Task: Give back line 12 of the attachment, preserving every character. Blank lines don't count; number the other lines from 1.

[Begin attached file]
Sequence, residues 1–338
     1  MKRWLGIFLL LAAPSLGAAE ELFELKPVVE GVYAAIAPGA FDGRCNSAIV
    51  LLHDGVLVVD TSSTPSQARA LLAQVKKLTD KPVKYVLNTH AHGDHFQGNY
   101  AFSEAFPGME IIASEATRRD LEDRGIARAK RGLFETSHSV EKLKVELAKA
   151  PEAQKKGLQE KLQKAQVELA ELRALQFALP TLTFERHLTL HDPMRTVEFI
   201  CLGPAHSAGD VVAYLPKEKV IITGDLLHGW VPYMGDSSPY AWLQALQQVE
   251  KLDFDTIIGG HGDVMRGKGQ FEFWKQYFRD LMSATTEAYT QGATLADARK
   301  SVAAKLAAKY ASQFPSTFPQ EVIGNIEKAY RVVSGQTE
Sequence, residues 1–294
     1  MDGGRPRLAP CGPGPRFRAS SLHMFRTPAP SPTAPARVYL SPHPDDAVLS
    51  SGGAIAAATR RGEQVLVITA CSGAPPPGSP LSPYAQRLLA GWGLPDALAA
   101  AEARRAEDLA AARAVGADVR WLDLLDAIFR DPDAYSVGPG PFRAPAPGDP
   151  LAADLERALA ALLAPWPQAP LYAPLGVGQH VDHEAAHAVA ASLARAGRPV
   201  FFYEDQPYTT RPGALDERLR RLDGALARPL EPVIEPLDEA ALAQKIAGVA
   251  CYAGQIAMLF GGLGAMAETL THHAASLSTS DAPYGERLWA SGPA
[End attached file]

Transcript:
   101  AEARRAEDLA AARAVGADVR WLDLLDAIFR DPDAYSVGPG PFRAPAPGDP